Review and photos – The Decemberists at the Vogue Theatre, July 22 2009
– review by Alex Hudson/photos by JaNicka Grayston
There are few ideas more outdated than the rock opera, but The Decemberists have never been ones to shy away from the absurd. So when the Portland folk rockers announced that they would be playing their latest album, the narrative epic The Hazards of Love, in its complete form during this year’s summer tour, it would have been fair to assume that they would be at their most campy and theatrical.
During this Wednesday’s performance at the Vogue Theatre, however, the group was surprisingly self-serious, running through the album with little pomp or vaudeville drama. Clad in dapper black suits, the Decemberists kept mostly to the shadows; even the usually talkative Colin Meloy downplayed the grandeur, singing most of his parts while half-obscured in darkness.
Rather than seeming dull, the Decemberists’ reserve was clearly intended to place the full attention on the guest singers. Becky Stark, best known as the voice of L.A. folk-pop band Lavender Diamond, wore a coral dress and an ethereal white shawl; with her hippy-dippy hand waving and strangely blank-eyed smile, she resembled an oddball flower child, perfectly suited to the role of the defenseless heroine Margaret. Surrounded by the withdrawn Decemberists, she was the star of the show.
That is, until Shara Worden (of My Brightest Diamond) took the microphone. Despite her diminutive figure, the singer belted out a stunning version of the arena-sized rocker “The Wanting Comes in Waves/Repaid”, prowling around the stage lunching in time to the song’s thundering beat. With a bejeweled black evening gown and an austere black bob, she was downright terrifying. It could have been an accidental wave of the hand, but I’m pretty sure she threw up the devil horns at one point during one particularly soaring high note.
The songs themselves were nearly identical to the album versions, right down to the hollering that punctuates the end of “The Hazards of Love 1 (The Prettiest Whistles Won’t Wrestle the Thistles Down)”. In fact, some parts were exactly identical to the studio cuts – the children’s choir on “The Hazards of Love 3 (Revenge!)” was a prerecorded backing track, as was the banjo interlude “The Queen’s Approach”. Still, the album-length performance was an impressive undertaking and, thanks in large part to Stark and Worden, was as emotionally gripping as it was polished.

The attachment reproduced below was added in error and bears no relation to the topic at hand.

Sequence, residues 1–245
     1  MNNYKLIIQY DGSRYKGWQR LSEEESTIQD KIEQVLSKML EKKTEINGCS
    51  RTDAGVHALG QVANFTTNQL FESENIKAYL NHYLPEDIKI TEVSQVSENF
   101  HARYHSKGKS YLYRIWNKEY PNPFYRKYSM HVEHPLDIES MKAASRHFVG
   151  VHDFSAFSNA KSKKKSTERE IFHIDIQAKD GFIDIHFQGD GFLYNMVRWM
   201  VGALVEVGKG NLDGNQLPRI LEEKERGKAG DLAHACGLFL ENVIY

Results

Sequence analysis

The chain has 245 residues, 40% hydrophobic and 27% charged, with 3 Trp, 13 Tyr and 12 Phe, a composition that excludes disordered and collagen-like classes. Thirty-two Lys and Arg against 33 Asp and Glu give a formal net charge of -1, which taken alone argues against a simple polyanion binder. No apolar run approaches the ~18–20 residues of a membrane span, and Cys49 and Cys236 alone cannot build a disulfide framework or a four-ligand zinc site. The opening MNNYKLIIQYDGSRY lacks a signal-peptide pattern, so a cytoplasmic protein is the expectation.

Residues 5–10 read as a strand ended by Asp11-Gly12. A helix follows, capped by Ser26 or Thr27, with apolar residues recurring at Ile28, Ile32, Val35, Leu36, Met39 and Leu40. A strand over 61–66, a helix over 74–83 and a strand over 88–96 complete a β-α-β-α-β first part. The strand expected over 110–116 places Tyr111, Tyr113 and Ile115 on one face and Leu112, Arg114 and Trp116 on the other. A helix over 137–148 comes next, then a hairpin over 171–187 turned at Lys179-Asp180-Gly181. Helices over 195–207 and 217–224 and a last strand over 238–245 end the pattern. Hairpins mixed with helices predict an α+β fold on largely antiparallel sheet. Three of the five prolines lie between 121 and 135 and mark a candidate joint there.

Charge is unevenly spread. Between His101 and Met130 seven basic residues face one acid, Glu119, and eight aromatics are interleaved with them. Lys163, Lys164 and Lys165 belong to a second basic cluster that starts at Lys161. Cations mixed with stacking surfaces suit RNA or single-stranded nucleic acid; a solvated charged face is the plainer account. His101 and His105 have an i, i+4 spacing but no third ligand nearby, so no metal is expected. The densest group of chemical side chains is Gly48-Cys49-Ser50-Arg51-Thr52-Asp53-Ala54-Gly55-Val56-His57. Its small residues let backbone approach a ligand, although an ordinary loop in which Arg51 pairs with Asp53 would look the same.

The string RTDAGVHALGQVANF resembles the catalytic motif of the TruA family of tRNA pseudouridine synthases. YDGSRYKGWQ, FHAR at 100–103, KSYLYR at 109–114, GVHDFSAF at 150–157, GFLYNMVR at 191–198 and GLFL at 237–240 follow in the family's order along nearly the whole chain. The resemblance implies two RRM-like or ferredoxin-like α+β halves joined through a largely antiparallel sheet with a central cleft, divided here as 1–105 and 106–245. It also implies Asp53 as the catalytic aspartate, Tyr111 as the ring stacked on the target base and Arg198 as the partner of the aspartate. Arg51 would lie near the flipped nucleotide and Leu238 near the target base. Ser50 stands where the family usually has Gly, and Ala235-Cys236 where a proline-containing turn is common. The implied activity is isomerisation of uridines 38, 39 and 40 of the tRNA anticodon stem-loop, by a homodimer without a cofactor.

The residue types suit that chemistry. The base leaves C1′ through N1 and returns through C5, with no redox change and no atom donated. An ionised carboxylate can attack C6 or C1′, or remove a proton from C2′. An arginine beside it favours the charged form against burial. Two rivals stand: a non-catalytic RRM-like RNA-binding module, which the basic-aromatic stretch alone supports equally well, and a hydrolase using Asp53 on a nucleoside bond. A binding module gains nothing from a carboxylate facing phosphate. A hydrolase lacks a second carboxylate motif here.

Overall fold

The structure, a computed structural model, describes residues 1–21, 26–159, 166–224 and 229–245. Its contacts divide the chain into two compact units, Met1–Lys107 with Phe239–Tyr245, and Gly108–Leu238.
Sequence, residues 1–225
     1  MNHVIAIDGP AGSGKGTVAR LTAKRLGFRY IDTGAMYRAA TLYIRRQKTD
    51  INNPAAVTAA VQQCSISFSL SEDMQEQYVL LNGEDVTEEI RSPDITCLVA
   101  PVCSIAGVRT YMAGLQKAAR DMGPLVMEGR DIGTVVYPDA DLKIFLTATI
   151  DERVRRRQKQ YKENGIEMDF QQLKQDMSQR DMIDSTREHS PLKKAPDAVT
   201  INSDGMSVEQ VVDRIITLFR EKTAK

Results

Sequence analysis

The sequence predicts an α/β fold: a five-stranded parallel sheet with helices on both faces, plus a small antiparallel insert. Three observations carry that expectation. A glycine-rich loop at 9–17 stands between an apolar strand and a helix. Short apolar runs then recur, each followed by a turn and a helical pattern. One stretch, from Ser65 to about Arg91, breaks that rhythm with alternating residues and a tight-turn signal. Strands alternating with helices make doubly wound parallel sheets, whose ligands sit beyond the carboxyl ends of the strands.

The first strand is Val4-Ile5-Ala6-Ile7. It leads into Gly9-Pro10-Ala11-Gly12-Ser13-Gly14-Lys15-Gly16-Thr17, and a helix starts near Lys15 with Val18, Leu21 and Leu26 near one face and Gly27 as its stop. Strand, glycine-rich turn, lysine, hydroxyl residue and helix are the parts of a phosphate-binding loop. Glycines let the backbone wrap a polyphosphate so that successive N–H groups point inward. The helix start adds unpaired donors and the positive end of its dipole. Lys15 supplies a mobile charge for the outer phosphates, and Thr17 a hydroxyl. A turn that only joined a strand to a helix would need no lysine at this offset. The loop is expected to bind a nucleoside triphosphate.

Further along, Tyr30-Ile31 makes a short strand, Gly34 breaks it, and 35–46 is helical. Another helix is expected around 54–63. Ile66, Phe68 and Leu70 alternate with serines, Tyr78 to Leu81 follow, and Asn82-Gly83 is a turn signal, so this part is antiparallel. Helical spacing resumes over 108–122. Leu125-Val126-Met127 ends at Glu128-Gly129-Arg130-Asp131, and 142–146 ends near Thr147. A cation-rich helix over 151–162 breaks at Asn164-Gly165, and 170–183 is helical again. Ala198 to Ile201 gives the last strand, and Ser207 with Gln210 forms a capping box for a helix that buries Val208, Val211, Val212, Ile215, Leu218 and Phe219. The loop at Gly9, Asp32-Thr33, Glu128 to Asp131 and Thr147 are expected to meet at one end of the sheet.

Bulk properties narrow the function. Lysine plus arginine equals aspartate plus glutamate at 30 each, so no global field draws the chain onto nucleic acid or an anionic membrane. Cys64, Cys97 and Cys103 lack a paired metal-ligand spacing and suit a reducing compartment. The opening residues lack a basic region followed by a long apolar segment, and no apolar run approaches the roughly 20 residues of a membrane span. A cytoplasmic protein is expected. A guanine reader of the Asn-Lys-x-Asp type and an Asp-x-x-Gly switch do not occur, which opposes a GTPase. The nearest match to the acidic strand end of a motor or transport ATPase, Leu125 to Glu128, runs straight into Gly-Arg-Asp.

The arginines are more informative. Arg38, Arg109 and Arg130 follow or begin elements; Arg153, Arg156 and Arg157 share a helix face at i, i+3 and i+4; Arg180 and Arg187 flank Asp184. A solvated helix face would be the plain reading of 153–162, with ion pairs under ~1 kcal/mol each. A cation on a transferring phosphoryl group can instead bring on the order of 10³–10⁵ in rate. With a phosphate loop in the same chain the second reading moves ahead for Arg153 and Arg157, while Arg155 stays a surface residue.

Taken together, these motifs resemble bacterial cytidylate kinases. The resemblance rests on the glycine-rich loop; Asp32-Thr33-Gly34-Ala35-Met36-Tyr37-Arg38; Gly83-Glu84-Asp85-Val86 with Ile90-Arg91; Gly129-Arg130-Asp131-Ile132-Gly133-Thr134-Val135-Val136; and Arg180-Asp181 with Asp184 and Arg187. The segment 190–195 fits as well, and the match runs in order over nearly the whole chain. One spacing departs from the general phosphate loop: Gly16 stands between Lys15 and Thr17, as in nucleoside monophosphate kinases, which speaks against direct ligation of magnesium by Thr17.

After a 20-minute interlude, the Decemberists returned to the stage to play a second set, this time drawing on back-catalogue favourites and the occasional cover. Unlike his placid performance during the first set, Meloy began bantering with the audience before the first song even began, joking “it smells like my college dorm” before launching into “Oceanside” from the EP 5 Songs. The group went on to draw from each of its first four-lengths, including a spur-of-the-moment take on “July, July” to fulfill a fan request.
The band also played two new songs, both of which were countrified acoustic numbers featuring guitarist Chris Funk on mandolin. But it was the 2006 single “O Valencia!” that was the highlight, its tragic Romeo and Juliet-style romance buoyed by a stomping beat and joyous melody. The set closed with Worden and Stark trading off vocal leads on a raucous version of Heart’s “Crazy on You,” during which audience members pawed at Colin Meloy’s legs as he performed the guitar leads.
Wrapping up the show with an encore of “Shankill Butchers” and the audience-singalong “Sons & Daughters”, the Decemberists finished in rousing, crowd-pleasing form, an atmosphere similar to the group’s previous tours. Still, as good it as it was, it was hard to forget that for much of the show, the two guest singers were more memorable than the band itself.